Of the fairy tales that filled up my childhood, Beauty and the Beast was the one I enjoyed the most. In part, it was because it somehow reminded me of the Hunchback of Notre-Dame. In part, it was because, unlike the other stories where the princess waited passively to be rescued by some prince charming, Belle was the one who rescued the Beast. She rescued him from a miserable life of loneliness and despair, and brought out the most beautiful aspect of his spirit.
While it was difficult—for a child in the developing world—to picture a princess's life, I could easily see Belle in the micro-entrepreneur who is up at dawn every morning to fight another war for survival for herself and her children. I could see her in the peasant who has to walk 3 miles to the village springs to fetch water for her household. I could see her in the engineer who has to manage the impossible task of balancing work and family. I could see her in every woman who, without knowing it, is the pillar of strength that supports the dreams and aspirations that are constantly threatened by a present filled with uncertainty.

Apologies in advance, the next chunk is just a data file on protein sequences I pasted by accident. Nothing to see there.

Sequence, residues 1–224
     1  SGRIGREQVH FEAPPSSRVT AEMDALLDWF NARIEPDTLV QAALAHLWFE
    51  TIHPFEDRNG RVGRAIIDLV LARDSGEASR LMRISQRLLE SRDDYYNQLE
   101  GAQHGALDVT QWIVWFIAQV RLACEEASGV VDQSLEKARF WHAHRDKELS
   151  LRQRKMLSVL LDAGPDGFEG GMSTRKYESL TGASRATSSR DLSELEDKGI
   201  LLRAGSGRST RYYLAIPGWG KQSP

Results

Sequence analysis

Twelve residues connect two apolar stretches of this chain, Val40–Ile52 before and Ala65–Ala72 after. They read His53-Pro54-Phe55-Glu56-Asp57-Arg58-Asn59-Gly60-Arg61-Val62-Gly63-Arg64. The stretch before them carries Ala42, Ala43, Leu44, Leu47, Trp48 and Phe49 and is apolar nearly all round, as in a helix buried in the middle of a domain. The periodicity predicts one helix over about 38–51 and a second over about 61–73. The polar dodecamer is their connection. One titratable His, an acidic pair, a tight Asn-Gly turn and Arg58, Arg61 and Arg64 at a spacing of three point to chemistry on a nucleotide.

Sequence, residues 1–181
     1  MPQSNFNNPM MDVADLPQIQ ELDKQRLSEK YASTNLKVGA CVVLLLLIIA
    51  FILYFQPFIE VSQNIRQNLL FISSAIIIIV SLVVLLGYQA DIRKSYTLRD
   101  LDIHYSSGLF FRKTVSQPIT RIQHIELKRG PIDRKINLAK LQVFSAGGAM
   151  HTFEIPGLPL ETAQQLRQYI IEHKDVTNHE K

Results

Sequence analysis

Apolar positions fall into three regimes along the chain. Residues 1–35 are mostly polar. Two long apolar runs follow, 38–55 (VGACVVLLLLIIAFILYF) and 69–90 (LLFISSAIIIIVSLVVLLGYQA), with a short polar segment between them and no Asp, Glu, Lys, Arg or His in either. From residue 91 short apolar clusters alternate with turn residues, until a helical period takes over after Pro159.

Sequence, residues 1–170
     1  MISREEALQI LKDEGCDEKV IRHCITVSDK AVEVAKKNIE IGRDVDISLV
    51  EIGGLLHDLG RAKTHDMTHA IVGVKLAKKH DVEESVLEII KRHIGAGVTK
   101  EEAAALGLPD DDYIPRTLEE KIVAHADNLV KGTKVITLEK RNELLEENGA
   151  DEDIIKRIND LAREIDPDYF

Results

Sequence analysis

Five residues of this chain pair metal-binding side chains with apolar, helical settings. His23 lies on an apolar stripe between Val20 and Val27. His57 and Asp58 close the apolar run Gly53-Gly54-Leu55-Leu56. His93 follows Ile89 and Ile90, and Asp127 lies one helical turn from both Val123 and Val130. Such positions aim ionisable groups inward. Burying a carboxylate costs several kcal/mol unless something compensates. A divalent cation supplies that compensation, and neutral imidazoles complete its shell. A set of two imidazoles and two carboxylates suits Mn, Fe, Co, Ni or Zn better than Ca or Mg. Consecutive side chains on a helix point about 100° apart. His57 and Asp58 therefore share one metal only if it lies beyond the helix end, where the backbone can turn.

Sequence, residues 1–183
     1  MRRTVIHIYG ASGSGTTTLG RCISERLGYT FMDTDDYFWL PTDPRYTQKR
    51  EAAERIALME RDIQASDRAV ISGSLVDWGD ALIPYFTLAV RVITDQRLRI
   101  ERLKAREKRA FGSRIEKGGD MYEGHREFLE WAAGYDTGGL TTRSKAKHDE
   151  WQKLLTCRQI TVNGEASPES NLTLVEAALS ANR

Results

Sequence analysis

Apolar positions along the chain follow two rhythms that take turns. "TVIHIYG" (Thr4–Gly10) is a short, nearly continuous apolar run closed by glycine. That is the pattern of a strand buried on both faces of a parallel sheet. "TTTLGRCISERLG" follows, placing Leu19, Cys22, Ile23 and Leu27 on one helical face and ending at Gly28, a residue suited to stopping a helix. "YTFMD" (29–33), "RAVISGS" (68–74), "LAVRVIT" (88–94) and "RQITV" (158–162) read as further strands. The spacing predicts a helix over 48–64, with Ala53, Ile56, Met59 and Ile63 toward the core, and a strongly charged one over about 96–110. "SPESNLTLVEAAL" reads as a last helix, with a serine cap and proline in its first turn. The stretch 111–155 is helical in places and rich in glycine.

Beauty and the Beast spoke to me the most of what a woman should be: beautiful, compassionate, strong, and intelligent. Qualities that all women—regardless of their race, color, background—have in common.